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Jutta Billino, Frank Bremmer, Karl R. Gegenfurtner; The effect of age on the detection of coherent motion and radial flow. Journal of Vision 2006;6(6):636. doi: 10.1167/6.6.636.
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© ARVO (1962-2015); The Authors (2016-present)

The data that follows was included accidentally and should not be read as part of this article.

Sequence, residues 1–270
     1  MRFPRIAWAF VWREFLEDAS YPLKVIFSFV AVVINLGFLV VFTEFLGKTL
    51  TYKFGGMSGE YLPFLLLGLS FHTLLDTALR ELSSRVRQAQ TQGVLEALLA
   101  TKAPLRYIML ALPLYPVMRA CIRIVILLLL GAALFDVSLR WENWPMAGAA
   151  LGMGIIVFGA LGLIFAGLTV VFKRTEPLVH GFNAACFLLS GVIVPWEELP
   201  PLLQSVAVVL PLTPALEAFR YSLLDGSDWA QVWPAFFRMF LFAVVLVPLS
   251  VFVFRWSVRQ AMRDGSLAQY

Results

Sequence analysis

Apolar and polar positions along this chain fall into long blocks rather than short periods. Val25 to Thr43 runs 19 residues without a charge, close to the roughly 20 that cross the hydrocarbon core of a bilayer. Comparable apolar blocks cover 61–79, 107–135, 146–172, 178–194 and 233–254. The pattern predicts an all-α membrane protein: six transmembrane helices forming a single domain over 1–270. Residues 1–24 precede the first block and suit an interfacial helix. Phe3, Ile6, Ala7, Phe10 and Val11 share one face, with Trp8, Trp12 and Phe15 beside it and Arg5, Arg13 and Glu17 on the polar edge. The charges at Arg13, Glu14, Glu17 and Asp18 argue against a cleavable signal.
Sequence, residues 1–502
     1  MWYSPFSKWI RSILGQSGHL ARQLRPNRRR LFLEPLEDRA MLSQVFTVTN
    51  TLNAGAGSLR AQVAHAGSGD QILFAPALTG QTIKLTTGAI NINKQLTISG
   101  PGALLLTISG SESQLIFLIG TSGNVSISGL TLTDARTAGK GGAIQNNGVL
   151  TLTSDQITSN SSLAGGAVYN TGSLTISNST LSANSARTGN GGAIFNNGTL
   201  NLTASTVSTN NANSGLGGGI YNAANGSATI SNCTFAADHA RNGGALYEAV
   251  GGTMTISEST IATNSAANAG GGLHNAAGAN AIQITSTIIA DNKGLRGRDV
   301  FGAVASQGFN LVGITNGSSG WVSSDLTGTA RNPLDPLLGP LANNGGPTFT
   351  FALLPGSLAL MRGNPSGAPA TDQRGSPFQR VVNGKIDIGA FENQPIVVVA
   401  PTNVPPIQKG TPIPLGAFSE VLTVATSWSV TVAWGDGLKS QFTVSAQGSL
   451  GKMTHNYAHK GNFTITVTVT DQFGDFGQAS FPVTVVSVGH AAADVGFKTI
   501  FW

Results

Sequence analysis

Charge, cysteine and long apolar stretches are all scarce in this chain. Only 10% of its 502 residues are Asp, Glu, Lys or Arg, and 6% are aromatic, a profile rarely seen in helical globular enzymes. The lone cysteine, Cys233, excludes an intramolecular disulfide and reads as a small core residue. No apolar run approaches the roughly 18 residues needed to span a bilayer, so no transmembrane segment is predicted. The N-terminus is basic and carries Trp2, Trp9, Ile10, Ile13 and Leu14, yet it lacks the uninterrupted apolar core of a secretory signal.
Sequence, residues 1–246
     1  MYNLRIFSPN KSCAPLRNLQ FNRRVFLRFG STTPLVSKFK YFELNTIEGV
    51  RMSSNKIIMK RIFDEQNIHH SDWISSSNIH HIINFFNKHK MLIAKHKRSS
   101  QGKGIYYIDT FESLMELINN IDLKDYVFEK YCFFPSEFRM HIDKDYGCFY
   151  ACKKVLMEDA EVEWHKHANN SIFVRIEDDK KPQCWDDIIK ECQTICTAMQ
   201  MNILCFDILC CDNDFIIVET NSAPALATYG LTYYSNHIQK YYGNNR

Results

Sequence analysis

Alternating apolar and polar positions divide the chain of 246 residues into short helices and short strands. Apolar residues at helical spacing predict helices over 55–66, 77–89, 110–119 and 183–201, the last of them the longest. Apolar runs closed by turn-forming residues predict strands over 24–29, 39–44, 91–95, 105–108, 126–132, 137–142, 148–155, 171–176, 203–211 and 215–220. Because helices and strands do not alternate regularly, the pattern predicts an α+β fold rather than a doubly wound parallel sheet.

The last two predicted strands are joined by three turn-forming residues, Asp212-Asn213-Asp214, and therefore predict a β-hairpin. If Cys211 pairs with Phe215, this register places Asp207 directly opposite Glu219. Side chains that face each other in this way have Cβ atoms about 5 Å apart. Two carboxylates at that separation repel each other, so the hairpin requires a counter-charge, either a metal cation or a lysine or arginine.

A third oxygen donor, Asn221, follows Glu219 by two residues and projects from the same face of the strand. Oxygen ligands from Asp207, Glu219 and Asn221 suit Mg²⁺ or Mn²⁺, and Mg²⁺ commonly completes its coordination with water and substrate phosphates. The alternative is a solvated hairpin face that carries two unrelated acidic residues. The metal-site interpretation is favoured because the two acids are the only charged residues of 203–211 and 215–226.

Several studies have shown that motion sensitivity declines with increasing age. This decline cannot be attributed to optical changes but is due to changes in the central visual pathways. However, there is little knowledge which subsystems are prone to degeneration. The purpose of our study was to evaluate the effect of aging on motion processing at different stages in the visual system. We investigated age-related differences in the detection of coherent motion and radial flow. Whereas the former task is related to early processing stages, the latter task is supposed to rely on processing at advanced stages in the visual system. Data was collected from younger (19–57 years; n=16) and older subjects (63–82 years; n=27). The first task required subjects to detect which one of two random dot kinematograms displayed at 7.6° eccentricity and a size of 9.6° contained coherent motion. In the second task, subjects had to decide about the direction of heading of a radial flow large-field stimulation whose focus of expansion was shifted to 5.8° eccentricity. In both tasks, noise levels of the kinematograms were varied and thresholds were estimated. Thresholds for coherent motion detection differed significantly between age groups (14.4% vs. 26.9%). There was an overall effect of age on performance (r=.562). In contrast, ability to detect radial direction was not affected by age. The results suggest that older observers' ability to analyze optic flow is preserved despite elevated detection thresholds for coherent motion. This finding puts into question a hierarchical view of visual motion processing.
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